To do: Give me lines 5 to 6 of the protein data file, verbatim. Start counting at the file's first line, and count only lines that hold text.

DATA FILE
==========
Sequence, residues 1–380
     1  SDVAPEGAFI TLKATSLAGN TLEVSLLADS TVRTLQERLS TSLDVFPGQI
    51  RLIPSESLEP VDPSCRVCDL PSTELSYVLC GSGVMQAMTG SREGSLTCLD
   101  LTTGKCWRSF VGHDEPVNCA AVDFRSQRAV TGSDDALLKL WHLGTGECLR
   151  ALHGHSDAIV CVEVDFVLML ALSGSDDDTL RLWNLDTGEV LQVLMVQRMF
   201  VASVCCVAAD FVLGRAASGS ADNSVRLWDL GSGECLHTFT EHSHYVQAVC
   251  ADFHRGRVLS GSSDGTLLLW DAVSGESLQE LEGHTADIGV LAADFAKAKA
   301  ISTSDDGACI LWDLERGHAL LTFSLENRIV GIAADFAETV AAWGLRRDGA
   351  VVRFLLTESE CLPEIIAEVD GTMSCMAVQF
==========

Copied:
   151  ALHGHSDAIV CVEVDFVLML ALSGSDDDTL RLWNLDTGEV LQVLMVQRMF
   201  VASVCCVAAD FVLGRAASGS ADNSVRLWDL GSGECLHTFT EHSHYVQAVC